not cause undue fear and distress to people who took prescribed drugs that contained potentially dangerous ingredients.
A poster, for Courage beer, showed a nervous looking man sitting on a sofa with a can and glass of beer beside him. A woman was standing with her back to him wearing a figure-hugging dress that had its sales label still attached. Text, in a
speech bubble coming from a large pint of beer, stated TAKE COURAGE MY FRIEND.
Three members of the public believed the poster implied that the beer would give the man confidence to either make negative comments on the woman's appearance or take advantage of her.
ASA Assessment: Upheld
The ASA noted Wells & Youngs Brewing Company comments that the text TAKE COURAGE MY FRIEND was a call to action to buy Courage over other beers and also that it used the brand name in a manner that was evocative of earlier campaigns.
However, we considered that the combination of the text and the image of the man with an open beer can and half empty glass of beer was likely to be understood by consumers to carry the clear implication that the beer would give the man enough
confidence to tell the woman that the dress was unflattering.
We did not consider that consumers generally would believe that the poster suggested that the man would be unnecessarily negative or take advantage of the woman, but would simply tell the truth. Although we understood the humorous intention of
the scenario, we concluded that the poster breached the Code by suggesting that the beer could increase confidence.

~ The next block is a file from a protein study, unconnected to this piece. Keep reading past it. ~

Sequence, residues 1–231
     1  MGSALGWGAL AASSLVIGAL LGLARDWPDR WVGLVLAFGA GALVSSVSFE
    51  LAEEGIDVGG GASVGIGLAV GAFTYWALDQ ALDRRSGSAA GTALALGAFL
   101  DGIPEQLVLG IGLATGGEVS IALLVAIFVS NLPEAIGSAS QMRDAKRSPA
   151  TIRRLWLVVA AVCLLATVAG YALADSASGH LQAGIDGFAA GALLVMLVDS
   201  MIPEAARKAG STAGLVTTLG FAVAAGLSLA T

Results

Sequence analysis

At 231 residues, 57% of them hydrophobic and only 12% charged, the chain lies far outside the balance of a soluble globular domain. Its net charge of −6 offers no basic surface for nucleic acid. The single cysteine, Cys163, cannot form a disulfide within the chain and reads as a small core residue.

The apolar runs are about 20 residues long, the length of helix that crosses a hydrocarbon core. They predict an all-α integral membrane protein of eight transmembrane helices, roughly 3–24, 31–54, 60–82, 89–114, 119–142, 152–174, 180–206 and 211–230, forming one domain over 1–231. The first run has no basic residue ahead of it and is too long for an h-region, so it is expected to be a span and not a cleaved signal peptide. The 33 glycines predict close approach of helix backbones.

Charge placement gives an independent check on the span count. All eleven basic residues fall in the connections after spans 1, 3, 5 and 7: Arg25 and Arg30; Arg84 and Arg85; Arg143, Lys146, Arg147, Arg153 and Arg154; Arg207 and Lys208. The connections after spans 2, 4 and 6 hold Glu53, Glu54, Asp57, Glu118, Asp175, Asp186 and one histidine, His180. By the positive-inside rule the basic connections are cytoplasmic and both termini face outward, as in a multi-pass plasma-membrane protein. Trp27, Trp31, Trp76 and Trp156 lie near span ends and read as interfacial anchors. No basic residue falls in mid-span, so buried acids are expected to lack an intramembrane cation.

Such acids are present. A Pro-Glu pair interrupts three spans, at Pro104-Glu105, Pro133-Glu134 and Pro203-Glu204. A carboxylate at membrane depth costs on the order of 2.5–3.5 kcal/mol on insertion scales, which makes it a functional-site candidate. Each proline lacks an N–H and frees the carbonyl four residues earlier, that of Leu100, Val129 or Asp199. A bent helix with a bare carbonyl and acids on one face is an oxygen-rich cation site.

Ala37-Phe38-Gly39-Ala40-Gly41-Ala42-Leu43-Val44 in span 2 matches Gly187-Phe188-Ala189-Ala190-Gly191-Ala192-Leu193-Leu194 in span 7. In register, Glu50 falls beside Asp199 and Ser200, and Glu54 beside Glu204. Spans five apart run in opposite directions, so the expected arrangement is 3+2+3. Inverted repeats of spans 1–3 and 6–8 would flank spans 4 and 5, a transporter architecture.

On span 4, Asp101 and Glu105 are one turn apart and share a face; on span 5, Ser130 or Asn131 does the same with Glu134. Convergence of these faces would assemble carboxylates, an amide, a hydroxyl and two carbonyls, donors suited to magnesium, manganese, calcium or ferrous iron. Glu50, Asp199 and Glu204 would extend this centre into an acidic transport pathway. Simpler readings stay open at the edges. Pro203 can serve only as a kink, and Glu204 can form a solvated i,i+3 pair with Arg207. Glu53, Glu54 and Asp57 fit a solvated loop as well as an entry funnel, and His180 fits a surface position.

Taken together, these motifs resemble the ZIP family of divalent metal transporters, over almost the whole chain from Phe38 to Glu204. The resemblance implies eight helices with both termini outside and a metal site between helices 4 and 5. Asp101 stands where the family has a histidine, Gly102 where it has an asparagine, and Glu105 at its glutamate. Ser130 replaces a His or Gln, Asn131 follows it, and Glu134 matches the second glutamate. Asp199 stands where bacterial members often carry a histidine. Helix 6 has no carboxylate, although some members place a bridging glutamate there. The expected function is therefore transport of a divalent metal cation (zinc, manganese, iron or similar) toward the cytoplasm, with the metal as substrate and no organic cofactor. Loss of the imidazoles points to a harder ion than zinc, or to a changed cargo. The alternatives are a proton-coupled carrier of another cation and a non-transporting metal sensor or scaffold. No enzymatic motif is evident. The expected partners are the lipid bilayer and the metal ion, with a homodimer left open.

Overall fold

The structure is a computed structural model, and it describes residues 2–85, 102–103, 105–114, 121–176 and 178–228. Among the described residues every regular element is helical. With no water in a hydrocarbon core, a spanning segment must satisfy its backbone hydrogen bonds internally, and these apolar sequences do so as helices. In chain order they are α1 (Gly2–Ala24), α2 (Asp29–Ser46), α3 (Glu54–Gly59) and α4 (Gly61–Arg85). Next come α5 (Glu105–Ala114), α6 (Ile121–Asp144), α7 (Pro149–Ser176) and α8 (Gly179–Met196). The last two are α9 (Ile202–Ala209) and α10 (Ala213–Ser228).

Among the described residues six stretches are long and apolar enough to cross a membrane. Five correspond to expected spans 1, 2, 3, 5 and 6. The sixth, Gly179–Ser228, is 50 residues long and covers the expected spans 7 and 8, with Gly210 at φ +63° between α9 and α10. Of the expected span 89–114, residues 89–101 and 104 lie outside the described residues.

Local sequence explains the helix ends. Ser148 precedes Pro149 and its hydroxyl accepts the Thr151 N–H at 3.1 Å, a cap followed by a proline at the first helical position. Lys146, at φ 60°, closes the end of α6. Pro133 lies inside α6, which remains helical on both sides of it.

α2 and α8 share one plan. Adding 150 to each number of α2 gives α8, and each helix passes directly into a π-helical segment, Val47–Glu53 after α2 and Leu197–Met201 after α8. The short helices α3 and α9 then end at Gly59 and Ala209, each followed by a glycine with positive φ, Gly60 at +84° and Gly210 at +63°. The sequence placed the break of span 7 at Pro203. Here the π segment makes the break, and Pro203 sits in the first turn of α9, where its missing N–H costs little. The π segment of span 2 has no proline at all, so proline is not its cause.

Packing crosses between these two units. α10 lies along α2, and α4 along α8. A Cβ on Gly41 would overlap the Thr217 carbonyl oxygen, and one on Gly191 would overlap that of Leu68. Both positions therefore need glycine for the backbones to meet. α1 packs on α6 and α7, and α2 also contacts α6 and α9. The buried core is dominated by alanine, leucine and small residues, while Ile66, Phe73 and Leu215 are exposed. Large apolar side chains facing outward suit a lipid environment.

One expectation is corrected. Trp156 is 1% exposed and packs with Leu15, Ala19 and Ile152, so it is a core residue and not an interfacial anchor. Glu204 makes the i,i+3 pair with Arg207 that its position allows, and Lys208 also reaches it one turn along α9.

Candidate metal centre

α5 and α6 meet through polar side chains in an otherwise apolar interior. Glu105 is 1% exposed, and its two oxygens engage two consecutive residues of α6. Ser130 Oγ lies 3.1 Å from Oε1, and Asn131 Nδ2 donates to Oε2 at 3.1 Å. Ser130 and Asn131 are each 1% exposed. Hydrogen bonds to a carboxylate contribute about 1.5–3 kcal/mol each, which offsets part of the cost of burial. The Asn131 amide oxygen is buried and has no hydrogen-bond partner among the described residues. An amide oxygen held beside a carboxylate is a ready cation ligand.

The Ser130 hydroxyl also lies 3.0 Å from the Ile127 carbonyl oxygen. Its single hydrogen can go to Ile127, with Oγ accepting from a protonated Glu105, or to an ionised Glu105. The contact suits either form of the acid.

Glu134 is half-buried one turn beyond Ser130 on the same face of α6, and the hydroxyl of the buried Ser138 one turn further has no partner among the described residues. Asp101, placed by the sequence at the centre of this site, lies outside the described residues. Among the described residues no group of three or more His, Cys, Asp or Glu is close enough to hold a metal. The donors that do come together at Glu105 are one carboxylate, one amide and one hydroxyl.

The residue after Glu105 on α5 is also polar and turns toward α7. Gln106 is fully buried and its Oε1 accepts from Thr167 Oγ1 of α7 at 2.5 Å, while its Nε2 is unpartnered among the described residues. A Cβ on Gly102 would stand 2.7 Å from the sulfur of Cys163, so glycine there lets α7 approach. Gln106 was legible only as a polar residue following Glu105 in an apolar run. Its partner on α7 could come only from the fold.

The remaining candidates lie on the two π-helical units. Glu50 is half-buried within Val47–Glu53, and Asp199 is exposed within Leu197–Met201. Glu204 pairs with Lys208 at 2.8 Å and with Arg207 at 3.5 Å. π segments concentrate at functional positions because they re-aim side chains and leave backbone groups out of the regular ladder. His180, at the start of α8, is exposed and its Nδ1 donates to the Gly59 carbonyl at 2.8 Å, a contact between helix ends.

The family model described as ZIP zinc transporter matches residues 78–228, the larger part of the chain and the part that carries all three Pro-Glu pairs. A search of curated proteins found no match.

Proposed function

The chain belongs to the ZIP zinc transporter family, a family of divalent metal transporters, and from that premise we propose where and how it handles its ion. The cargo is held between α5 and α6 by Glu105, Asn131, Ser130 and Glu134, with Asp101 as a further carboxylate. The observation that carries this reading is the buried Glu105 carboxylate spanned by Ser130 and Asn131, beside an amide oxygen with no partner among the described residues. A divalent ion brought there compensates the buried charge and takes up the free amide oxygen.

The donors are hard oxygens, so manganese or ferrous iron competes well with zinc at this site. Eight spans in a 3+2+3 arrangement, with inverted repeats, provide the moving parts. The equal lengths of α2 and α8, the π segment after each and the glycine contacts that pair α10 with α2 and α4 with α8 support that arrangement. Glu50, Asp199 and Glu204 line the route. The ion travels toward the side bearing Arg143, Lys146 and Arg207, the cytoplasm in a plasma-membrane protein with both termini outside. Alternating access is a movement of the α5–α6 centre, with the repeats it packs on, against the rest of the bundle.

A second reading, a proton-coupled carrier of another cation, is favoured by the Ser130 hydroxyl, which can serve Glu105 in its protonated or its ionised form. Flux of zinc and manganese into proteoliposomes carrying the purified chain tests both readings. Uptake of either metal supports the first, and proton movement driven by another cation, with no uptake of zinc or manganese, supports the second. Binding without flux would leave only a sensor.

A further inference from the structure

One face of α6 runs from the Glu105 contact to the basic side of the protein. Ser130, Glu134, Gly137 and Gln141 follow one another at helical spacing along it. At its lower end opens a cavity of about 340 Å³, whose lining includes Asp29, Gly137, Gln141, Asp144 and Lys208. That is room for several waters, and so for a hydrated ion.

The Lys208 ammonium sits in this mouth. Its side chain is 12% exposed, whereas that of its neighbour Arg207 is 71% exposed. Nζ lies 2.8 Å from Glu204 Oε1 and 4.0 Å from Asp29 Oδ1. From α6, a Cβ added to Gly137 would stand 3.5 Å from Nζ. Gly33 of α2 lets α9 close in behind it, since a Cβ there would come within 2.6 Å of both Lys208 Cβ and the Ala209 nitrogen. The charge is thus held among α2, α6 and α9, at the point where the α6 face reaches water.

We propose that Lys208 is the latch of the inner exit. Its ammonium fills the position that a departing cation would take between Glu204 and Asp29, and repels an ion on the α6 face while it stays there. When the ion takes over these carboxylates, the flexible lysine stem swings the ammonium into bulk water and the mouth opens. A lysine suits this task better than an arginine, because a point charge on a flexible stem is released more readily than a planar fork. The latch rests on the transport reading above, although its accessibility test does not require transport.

There are lots of bad things to be said about alcohol. It wrecks and costs lives, often because it boosts confidence. It gives people the confidence to argue, fight and rape, as well as to chat more at parties or enjoy karaoke. It makes
people dependent on the confidence it gives, to the extent that they'll poison themselves to get it. But it definitely gives you confidence - I know, I've had some.
And the Courage advert is even admitting that there may be a downside to boozy confidence. Their beer, it's telling us, is about to give the man the false confidence to say something that he shouldn't. They're not portraying it as lending
confidence in a life-saving situation, like spinach for Popeye: "Let me have a quick glug of Courage and then I'll be able to save that coach-load of schoolchildren from falling into the volcano!"
God only knows the tearful, relationship-ending consequences of that man's forthcoming bout of Dutch courage. Rather than glamorising alcohol, I'd say it's a playful admission of some of its adverse effects and rather more, in terms of candour,
than the ASA has a right to expect.
Vincent Nichols, the newly-designated Archbishop of Westminster, has urge Roman Catholics to oppose new plans to allow abortion services to advertise on radio and television.
Nichols is asking lay members to contest a new initiative which would relax rules on how pregnancy services and condoms can be advertised. As The Independent revealed last month, Britain's advertising censors are considering allowing television